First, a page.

ATTACHÉ CASE a flat, usually rigid, rectangular briefcase for carrying business papers, documents, or the like.
Origin: 1900–05; attaché + case / ATTACHÉ 1825–35; < French literally : attached, past participle of attacher (to attach) / CASE 1250–1300; Middle English cas(s)e < Old French chasse <> caspa
BAG a container or receptacle of leather, plastic, cloth, paper, etc.
Origin: 1200–50; Middle English bagge < Old Norse baggi pack, bundle
BAGGAGE trunks, suitcases, etc., used in travelling
Origin: 1400–50; late Middle English bagage < Middle French, equiv. to Old French bag(ues) bundles, packs + -age < Old French < Latin -aticus adj. suffix;
LUGGAGE trunks, suitcases, etc., used in travelling
Origin: 1590–1600; lug + -age / LUG 1300–50; Middle English luggen < Scand; / -AGE Middle English < Old French < Latin -aticus adj. suffix;
(back) PACK a pack or knapsack to be carried on one's back
Origin: 1175–1225; (n.) Middle English pak, packe < Middle Dutch pac or perhaps Middle Low German pak;
POUCH a bag, sack, or similar receptacle, esp. one for small articles or quantities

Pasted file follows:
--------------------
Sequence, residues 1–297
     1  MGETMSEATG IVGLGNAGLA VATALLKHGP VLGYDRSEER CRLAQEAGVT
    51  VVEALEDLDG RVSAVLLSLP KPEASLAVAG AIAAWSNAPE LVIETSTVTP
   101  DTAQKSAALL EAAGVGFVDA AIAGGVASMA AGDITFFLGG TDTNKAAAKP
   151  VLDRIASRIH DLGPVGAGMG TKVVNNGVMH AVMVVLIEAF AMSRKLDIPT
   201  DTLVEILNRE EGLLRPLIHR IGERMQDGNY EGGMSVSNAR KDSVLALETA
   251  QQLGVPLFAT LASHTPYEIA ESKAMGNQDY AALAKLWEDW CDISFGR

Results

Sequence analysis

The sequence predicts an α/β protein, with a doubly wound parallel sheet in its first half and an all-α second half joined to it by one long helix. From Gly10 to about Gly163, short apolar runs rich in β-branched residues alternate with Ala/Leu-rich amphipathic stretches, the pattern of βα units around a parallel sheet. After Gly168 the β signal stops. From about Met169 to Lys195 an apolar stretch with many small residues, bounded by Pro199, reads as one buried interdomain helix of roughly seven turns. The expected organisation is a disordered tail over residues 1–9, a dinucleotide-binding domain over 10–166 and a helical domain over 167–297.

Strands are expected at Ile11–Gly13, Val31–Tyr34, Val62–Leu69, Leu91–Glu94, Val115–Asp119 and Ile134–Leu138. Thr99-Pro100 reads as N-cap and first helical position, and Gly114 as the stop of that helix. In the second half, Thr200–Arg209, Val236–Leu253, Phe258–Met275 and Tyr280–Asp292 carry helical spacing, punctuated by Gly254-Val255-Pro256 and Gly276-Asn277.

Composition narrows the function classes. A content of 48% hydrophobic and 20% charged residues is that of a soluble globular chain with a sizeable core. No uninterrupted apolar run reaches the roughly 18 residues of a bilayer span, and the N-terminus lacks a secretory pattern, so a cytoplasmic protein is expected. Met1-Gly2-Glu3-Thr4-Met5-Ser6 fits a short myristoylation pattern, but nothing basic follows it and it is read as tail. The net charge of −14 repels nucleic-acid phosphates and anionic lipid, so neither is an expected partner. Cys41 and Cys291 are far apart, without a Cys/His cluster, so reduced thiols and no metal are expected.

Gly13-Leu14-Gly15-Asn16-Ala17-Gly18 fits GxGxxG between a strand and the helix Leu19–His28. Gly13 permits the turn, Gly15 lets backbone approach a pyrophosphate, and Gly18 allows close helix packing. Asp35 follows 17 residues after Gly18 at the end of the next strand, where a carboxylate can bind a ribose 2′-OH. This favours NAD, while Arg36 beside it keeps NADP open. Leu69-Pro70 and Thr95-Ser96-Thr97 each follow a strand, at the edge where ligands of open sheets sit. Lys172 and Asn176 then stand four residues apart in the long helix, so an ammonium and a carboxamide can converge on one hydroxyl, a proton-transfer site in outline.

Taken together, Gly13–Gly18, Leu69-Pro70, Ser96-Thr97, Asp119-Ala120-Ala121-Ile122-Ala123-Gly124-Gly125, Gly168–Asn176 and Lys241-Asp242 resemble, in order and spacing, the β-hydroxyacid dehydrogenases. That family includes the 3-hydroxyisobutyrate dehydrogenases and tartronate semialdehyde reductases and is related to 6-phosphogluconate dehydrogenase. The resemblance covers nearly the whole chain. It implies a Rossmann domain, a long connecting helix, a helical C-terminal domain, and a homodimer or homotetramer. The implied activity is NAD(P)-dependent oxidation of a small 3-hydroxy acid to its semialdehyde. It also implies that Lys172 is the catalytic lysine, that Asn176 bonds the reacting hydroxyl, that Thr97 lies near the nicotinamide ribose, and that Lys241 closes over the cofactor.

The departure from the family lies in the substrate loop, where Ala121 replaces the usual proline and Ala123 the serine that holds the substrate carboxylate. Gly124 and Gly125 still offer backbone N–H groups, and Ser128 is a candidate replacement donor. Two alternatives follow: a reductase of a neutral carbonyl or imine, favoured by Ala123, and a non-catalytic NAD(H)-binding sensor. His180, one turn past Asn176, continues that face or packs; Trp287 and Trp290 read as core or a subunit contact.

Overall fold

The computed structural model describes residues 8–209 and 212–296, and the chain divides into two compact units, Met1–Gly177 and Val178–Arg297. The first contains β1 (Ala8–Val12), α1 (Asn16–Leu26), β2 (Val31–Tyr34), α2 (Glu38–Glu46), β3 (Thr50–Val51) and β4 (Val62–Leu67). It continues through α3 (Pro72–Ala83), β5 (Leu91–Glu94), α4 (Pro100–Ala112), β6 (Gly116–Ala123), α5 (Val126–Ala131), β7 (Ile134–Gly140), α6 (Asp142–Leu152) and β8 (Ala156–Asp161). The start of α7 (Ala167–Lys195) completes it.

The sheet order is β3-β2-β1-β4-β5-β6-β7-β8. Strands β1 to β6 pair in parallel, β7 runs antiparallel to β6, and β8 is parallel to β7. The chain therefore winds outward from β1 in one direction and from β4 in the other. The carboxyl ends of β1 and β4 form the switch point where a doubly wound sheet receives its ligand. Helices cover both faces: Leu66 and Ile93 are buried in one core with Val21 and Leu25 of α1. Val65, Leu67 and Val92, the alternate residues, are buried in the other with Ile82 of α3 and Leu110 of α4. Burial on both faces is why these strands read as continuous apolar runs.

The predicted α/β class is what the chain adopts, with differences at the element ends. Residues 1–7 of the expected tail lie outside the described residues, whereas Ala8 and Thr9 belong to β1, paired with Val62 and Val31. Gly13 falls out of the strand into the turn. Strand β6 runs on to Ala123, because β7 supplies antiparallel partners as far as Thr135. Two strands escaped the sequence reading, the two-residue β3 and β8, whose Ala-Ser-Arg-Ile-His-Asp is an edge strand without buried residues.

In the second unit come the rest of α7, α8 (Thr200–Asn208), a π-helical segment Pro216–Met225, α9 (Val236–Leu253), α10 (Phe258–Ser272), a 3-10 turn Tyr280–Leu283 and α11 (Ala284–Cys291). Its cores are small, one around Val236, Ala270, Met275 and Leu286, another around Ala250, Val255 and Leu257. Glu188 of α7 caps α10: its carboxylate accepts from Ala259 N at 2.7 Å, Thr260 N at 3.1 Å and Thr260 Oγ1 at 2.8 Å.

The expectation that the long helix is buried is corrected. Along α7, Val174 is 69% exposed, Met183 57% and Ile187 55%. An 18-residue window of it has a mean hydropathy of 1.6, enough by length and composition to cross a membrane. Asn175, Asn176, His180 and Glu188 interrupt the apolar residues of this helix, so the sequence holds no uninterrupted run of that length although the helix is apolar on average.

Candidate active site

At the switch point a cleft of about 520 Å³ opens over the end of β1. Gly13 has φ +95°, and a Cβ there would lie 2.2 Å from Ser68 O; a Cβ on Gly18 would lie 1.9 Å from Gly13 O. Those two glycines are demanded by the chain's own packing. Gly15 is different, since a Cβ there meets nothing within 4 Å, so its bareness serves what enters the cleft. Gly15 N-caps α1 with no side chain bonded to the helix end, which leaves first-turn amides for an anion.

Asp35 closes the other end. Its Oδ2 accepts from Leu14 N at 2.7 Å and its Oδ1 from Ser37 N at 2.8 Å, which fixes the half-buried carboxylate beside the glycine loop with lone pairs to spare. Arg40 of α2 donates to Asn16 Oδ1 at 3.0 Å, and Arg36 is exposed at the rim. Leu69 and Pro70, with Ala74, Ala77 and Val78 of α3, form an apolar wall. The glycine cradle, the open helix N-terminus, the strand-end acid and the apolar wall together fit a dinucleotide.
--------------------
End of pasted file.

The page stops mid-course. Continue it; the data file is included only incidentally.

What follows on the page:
Origin: 1350–1400; Middle English pouche < Old French poche
PORTMANTEAU a case or bag to carry clothing in while traveling, esp. a leather trunk or suitcase that opens into two halves.
Origin: 1575–85; < French portemanteau literally: (it) carries (the) cloak;
PURSE a woman's handbag, small bag, pouch
Origin: before 1100; (n.) Middle English, Old English purs, b. pusa (c. Old Norse posi) and Middle Latin bursa < Greek byrsa;
SACK a large bag of strong, coarsely woven material, as for grain, potatoes, or coal.
Origin: before 1000; Middle English sak (n.), Old English sacc (n.) < Latin saccus <>sákkos;
SAC a baglike structure in an animal, plant, or fungus, as one containing fluid
Origin: 1735–45; < Latin saccus
SUITCASE a usually rectangular piece of luggage especially for carrying clothes while travelling
Origin: 1900–05; suit + case / suit 1250–1300; Middle English siute, sute, suite (n.) < Old French, akin to sivre to follow. / case 1250–1300; Middle English cas(s)e <>chasse <>capsa
TRUNK a large, sturdy box or chest for holding or transporting clothes, personal effects, or other articles.
Origin: 1400–50; late Middle English trunke <>truncus
VALISE a small piece of luggage that can be carried by hand
Origin: 1605–15; < French <>valigia ; cf. Middle Latin valēsium